Going for Broke
A version of this article appears in the July 28 edition of Aviation Week & Space Technology.
The South Korean armed forces have quashed an attempt by Korea Aerospace Industries (KAI) to reduce the cost and technical challenge of the proposed KF-X fighter, with the joint chiefs of staff determining that the indigenous aircraft must have two engines.
The decision raises the stakes for KF-X, the earliest prospective fighter program for Western engine and system suppliers. With a twin-engine design, the program will be ambitious and hard to launch rather than something modest with a more assured future.
South Korea’s air force is already hedging its bets by studying the possibility of importing its next batch of fighters, judging that the KF-X is not likely to go into full-scale development, according to an air force officer quoted by the Segye newspaper in May (AW&ST June 2, p. 29).
Following the chiefs’ decision, the KF-X will now need much more than the budget the finance ministry—but not the parliament—has approved. Moreover, the decision ensures that the aircraft, if built, will not be much smaller than the of intended program partner , which cannot be keen to support the creation of a competitor.
The joint chiefs of staff said on July 18 that the KF-X must have two engines, basing their decision on a study they conducted along with a think tank, the defense ministry and two of its agencies, the Defense Acquisition Program Administration (DAPA) and the Agency for Defense Development (ADD). The latter, South Korea’s military technology organization, is the leading proponent of the KF-X and especially the two-engine concepts that it has been working on for several years. KAI last year proposed a single-engine design.
The study found that the two-engine aircraft design better met the requirements of operational effectiveness, upgrade potential and industrial benefits. The single-engine design would have been cheaper and quicker to develop.
The think tank contributing to the study was the Korea Institute for Defense Analysis, which has repeatedly declared the KF-X program unviable. As part of the study, it estimated development of the twin-engine KF-X aircraft would cost 8.5 trillion won ($8.3 billion) and take 10.5 years, whereas the single-engine proposal would require 6.7 trillion won and 8.5 years. The budgetary figures were close to those that a government think tank, Kistep, estimated last year.
But the estimate for the twin-engine aircraft is higher than the 6.5 trillion won that the finance ministry has agreed to and lower than Lockheed Martin’s estimate of more than 10 trillion won. This means that the finance ministry, never a fan of the KF-X, may oppose development. It is reluctant to pay more, says the Naeil newspaper. Finance ministry opposition to the 8.5 trillion won program may persuade enough members of parliament not to fund a 2015 launch of full-scale development, which program managers are seeking.
On the other hand, parliament is strongly influenced by its committees. The defense committee under its former chairman opposed KF-X development; now that he has left, it may recommend going ahead with the aircraft. In September, the finance ministry will propose a national budget for the parliament to decide by December.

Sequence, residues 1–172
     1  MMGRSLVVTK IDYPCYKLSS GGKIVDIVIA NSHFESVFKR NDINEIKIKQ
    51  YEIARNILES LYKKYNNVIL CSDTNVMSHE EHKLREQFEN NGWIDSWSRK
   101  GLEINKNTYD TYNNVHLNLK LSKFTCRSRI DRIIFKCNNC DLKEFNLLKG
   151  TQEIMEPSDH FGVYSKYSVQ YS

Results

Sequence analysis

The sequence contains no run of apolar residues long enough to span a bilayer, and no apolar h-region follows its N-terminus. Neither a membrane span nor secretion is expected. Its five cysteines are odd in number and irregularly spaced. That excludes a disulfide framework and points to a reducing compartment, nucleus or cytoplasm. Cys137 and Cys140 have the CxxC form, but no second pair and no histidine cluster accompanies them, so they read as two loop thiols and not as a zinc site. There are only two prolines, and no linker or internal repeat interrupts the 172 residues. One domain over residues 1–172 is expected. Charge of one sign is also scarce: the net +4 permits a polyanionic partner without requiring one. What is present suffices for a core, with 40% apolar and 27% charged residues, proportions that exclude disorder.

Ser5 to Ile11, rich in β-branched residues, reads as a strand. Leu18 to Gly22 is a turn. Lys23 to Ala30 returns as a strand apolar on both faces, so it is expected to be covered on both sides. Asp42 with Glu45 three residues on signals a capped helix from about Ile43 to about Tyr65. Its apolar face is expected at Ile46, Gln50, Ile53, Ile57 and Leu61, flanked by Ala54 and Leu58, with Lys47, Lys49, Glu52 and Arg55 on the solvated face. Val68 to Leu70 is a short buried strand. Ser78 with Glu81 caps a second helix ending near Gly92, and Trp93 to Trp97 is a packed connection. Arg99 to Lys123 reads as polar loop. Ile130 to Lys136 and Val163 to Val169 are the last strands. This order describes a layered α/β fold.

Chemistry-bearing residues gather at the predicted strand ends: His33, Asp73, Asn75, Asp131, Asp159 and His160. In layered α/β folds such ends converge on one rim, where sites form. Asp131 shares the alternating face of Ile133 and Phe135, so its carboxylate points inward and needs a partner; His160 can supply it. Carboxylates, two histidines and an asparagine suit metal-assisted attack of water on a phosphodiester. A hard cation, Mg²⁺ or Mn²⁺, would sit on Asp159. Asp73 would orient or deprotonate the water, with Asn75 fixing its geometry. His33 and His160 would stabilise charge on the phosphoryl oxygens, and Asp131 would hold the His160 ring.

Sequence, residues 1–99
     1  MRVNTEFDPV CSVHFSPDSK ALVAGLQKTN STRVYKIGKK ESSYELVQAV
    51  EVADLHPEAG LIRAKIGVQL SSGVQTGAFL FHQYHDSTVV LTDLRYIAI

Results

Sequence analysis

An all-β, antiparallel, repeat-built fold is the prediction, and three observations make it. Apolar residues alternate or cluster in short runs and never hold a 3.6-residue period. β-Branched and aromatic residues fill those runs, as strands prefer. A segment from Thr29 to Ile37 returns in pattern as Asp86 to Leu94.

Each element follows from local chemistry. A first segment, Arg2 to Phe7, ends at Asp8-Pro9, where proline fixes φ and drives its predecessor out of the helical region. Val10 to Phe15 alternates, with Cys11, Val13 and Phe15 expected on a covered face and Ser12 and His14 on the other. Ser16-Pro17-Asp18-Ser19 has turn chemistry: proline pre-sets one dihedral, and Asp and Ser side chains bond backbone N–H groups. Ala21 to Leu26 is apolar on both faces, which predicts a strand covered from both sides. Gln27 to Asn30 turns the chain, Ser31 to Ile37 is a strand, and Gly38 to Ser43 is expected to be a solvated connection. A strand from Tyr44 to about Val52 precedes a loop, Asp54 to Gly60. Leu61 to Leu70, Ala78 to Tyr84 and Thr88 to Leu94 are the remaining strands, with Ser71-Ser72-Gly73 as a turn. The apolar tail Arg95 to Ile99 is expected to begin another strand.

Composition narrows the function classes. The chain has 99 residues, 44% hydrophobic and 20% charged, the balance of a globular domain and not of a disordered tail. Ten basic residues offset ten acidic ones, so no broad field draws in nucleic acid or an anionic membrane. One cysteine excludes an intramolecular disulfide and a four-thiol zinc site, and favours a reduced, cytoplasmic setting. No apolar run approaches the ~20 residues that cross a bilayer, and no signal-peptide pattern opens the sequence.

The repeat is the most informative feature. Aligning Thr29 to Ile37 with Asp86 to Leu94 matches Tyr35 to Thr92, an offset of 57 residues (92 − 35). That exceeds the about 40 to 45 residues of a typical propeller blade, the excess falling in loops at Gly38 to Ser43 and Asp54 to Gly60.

Meanwhile, the DAPA must conclude negotiations with Indonesia and Lockheed Martin and then choose the prime contractor, which will almost certainly be KAI, since it has experience in combat aircraft development.
Indonesia paid for 20% of pre-development costs and is expected to take the same share of full development. A further 20% is to be borne by industry, including Lockheed Martin, which agreed to support the KF-X in return for South Korea last year choosing the F-35A in the F-X Phase 3 fighter competition. Technology transfer will form part of, maybe most of, Lockheed Martin’s contribution.
South Korea should not have much to negotiate with Lockheed Martin, since the company’s KF-X offer was effectively accepted with the F-X Phase 3 selection. Lockheed Martin does not yet have a contract for the 40 F-35s that South Korea intends to order, but DAPA can hardly threaten to reopen the competition; the air force wants new fighters as soon as possible and the F-35, in particular.
The air force also wants a second batch of 20 F-35s but is not openly pushing for it, perhaps because doing so would put more budgetary pressure on the KF-X. Its strong preference for large aircraft helps explain the backing for ADD’s twin-engine KF-X design, which would be about the size of a. KAI’s proposal was comparable with the current-production . Apart from economy, it also could have eased the load on the country’s aerospace engineering resources, which industry officials say is a key concern.
If the KF-X is to have two engines, then the choice is between the Eurojetand F414; no indigenous engine is possible, and the Klimov RD-33 and seem not to have been considered. KAI’s KF-X would have needed either the GE F110 or Pratt & Whitney F100.
ADD proposes that the KF-X be developed initially with much foreign equipment, so the program offers a market for Western suppliers of such gear as radars, electronic-warfare systems, ejection seats and flight controls. South Korean equipment would progressively replace foreign systems in successive updates of the aircraft.